i Editor's Letter: New arrangement


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The Independent Online


Poor Philip Sheppard. Who knew that a composer's life could be so full of danger and diplomatic incident? Mr Sheppard, you may remember, was responsible for coming up with arrangements for the 205 national anthems that, potentially, could have been played at the Olympics.

Colombia was the first country to take offence: Mr Sheppard received death threats - quite unfairly - because the anthem, "Oh, Unfading Glory", was included in an online league table of "worst national anthems" .

Then a Hungarian athlete complained that the arrangement of his national anthem was too fast, while the Dutch, reportedly, had a quiet word with the Olympic authorities about the chord progressions in theirs.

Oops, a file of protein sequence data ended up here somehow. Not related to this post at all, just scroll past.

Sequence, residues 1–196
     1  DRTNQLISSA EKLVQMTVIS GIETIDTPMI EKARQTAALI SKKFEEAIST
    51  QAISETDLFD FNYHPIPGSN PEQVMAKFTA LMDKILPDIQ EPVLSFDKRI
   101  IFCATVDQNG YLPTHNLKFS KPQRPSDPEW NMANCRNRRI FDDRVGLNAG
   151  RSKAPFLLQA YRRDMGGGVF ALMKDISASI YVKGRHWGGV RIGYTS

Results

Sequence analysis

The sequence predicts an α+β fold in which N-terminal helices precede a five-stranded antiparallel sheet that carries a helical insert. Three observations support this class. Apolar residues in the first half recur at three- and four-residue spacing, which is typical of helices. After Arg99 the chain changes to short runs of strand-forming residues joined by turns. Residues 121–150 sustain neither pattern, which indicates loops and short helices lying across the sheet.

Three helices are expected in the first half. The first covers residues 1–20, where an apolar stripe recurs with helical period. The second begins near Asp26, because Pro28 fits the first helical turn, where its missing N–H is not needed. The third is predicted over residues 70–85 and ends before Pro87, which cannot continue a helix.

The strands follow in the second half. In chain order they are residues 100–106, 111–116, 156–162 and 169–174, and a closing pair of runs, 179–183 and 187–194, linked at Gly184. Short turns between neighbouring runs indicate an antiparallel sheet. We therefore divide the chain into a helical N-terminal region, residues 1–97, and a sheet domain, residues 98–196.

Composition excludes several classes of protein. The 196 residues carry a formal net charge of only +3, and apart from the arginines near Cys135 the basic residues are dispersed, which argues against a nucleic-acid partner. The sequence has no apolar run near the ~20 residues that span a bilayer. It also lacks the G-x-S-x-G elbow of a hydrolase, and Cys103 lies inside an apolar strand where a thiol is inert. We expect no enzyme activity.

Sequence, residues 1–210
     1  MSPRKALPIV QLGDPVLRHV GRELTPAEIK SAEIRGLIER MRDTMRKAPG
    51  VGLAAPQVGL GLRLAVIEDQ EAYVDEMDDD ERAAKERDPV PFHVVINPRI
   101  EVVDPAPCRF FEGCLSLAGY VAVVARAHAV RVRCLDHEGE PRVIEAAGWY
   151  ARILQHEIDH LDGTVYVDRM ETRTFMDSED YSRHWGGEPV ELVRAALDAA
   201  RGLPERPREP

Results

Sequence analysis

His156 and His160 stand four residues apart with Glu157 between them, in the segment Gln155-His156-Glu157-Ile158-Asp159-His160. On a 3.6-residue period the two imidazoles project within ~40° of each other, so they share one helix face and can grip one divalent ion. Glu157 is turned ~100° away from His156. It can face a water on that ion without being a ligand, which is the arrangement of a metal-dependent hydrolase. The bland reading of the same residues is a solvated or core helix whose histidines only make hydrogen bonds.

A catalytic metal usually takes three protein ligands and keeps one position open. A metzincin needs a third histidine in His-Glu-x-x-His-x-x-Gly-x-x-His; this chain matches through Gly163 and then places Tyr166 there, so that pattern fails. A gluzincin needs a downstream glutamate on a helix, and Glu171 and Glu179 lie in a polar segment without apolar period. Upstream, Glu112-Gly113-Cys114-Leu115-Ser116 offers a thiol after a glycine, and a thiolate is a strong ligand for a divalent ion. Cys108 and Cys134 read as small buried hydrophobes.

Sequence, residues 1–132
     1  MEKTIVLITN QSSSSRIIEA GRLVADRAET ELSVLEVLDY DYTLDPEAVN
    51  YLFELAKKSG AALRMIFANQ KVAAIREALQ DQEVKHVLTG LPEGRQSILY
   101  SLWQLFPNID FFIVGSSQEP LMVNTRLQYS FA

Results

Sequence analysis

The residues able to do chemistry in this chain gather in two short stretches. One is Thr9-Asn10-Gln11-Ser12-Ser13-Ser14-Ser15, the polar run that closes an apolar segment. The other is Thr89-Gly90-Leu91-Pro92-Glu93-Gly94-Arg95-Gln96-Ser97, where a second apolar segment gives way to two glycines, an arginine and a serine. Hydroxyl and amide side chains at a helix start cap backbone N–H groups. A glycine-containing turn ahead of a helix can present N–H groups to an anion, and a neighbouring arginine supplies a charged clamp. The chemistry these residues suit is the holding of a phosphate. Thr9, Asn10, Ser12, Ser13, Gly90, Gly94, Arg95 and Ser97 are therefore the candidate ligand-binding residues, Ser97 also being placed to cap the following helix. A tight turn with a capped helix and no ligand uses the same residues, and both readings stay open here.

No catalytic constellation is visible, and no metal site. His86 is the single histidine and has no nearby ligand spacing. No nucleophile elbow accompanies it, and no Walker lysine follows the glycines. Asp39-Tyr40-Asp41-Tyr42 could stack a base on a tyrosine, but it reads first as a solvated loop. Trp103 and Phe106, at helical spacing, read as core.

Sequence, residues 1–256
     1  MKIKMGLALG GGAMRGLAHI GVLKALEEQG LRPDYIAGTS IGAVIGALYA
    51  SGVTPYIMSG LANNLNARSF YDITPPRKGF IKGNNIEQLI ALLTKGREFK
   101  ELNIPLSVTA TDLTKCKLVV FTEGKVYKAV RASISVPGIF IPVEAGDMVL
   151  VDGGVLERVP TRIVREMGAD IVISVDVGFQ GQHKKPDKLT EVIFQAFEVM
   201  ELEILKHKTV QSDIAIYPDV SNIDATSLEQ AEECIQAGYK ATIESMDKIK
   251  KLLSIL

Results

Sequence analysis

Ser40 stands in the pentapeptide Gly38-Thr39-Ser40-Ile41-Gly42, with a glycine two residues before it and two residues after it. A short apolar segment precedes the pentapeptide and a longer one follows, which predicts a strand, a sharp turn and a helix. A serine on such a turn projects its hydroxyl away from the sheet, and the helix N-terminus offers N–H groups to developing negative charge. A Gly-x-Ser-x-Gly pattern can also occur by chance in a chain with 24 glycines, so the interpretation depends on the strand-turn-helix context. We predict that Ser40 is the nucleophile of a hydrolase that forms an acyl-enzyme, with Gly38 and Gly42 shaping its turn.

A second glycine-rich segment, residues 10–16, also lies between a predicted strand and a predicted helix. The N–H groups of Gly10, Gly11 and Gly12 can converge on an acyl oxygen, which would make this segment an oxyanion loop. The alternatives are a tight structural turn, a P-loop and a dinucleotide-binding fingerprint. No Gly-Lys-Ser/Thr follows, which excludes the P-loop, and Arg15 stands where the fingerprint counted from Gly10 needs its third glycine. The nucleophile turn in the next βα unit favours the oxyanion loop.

The latest furore, however, is over Mr Sheppard's arrangement of our own anthem, God Save The Queen, which has a new harmonisation and is missing four notes! You might not have realised, because they're not actually sung. They form the transition (dah, dah, dah dah, or G, A, B, C, depending on your musical ability) between the first bit ("God save our gracious Queen, long live our noble Queen, God save the Queen") and the second bit ("Send her victorious etc").

As your letters (page 14) demonstrate, the national anthem is a subject that arouses strong passions. Readers are divided on whether they agree with i columnist Dominic Lawson, who earlier this week complained it was a dirge, and others who fear a replacement might be even worse.

Personally, I rather like Mr Sheppard's new arrangement. What I like even more is that we are getting to hear it so often.

Stefano Hatfield is away

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